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Comprehending golf scoring lingo
If you are a golfing beginner you have probably asked, What is a bogey in golf? which may be confusing in understanding how these terms fit into the game of golf.
Like any competitive sport, golf has evolved over the years and the scoring system has thrown up a unique terminology referring to good and bad results.
A question that gets asked a lot is ‘What is a bogey in golf?’
What is a bogey in golf?
Golfers use different scoring terms, and a bogey is one of them. When playing a round of golf you would have noticed on the scorecard that each hole is allocated a par.
This is the number of strokes a scratch handicap player should complete the hole in.
This is what makes golf such a great game as the handicap system balances out a player’s abilities allowing a novice with a handicap of twenty-eight to compete against a more experienced player with a handicap of fifteen. Tips here on golf etiquette and slow play.
A bogey is defined as a one-stroke score over par on a hole.
These ratings continue increasing, consequently, a double bogey is a score of two shots over par; a triple bogey is three over par, and so on.
No one knows for sure but the word bogey has an association with the term ‘bogey man’ or something to be avoided.
It is now universally accepted as a dropped shot, or bogie on the score. Most standard club players use a scoring system called Stableford, click here for more info.
How does a bogey fit into the scoring in a round of golf?
The winners of most other sports strive to achieve the highest scores they can, but this is the complete opposite in the game of golf. Contenders are trying to complete their rounds in the fewest number of strokes.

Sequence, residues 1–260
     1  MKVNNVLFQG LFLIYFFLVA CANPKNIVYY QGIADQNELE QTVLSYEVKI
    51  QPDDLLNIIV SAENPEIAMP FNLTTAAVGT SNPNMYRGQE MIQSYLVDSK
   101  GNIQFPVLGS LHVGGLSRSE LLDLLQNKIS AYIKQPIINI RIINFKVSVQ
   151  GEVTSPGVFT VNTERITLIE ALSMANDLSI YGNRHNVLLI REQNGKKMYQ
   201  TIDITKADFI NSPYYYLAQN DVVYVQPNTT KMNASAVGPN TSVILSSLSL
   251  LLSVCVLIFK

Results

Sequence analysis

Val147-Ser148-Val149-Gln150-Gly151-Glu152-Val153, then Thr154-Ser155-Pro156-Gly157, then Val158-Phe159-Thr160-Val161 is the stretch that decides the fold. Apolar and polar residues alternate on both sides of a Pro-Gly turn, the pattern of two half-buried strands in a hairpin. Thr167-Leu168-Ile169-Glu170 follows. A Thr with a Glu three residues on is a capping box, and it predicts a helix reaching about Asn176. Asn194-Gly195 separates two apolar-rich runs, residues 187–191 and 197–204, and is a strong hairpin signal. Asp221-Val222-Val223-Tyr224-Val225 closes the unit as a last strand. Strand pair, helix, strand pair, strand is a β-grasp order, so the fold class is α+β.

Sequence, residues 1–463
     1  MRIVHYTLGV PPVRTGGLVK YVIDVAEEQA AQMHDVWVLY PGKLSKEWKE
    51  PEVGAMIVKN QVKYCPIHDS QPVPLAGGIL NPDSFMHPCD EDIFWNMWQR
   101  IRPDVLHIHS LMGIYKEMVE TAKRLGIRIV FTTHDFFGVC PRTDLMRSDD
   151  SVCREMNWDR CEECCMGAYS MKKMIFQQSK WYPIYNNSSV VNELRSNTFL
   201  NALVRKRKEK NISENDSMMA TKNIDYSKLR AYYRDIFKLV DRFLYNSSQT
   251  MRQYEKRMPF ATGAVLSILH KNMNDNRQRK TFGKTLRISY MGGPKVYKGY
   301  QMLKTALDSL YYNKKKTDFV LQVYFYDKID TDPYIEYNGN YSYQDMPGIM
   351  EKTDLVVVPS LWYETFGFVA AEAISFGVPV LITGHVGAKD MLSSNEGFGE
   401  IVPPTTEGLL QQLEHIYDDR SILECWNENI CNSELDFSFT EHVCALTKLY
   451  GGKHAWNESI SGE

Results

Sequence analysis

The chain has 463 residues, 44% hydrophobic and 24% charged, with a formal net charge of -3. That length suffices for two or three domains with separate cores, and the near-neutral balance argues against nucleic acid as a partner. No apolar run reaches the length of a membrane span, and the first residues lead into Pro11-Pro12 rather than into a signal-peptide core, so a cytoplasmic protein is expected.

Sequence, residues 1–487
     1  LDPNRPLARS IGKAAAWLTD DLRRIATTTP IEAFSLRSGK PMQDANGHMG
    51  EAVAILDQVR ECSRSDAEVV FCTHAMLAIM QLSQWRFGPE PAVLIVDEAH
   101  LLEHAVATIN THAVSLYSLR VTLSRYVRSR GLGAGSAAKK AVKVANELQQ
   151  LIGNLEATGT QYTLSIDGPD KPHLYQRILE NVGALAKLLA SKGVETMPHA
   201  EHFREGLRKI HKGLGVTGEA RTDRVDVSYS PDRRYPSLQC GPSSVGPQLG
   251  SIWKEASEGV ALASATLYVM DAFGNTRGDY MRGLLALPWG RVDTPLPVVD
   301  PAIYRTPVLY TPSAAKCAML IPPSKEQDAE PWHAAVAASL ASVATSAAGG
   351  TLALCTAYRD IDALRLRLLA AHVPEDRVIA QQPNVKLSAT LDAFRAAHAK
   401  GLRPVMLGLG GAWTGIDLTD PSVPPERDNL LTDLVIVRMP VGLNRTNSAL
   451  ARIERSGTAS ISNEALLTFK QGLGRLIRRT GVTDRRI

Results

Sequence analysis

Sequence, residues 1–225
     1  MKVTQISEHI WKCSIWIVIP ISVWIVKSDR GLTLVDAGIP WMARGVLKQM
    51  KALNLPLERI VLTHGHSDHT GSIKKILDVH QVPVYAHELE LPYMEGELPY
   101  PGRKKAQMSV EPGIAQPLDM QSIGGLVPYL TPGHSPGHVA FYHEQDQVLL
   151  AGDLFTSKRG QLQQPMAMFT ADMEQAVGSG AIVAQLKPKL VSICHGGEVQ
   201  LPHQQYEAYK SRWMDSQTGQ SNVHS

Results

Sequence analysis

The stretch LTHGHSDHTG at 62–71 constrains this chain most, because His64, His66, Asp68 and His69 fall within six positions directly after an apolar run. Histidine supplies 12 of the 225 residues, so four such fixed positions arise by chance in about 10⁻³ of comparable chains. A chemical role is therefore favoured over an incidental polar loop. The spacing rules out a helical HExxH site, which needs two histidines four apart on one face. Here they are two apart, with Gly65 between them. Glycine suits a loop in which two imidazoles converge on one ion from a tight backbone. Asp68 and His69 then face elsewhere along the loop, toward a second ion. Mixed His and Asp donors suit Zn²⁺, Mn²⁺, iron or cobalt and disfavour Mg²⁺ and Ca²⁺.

So bogies at any stage of the game need to be avoided because a bogey will add a shot to the hole thus increasing your score by increasing the number of strokes taken to complete the round.
Golfers aim to give in the least possible score in a round of golf to triumph.
Every stroke a golfer takes stands for a score of one. Thus, the number of strokes for every shot is added together, and the lowest wins.
The more strokes you make, the higher your score (bogey) over par on a hole.
A rangefinder will help with distance and club selection.
How do you win?
Avoid taking more strokes. Golf is a unique game, and only the lowest scores win. But this is where the handicap makes up and adjusts the scores.
For example, a player with a handicap of eighteen receives one shot on every hole.
So if a hole is a par four and this player completes it in five strokes it still represents a par rather than a bogey to the player’s final score.
The reverse of a bogey is a Birdie which is one stroke under par for the hole.
So if a particular hole is a par four and a player with a handicap of eighteen completes it in four strokes it is classified as a Birdie or one under par.
If the same player completes the hole in three it is referred to as an Eagle, and on very rare occasions a three-under-par is referred to as an Albatross or Double Eagle.
Tips here on the best golf balls for high handicappers.
Even as you focus on having the lowest score, it is necessary to keep in mind that par will be different from one hole to another.
Each golf course is made up of a mixture of par three, par four, and par fives.
Each hole is allocated a stroke index which indicates the degree of difficulty.
It is important for a player to take note of the stroke index to determine his shot allowance against the handicap of the player. Further info here on golf scoring.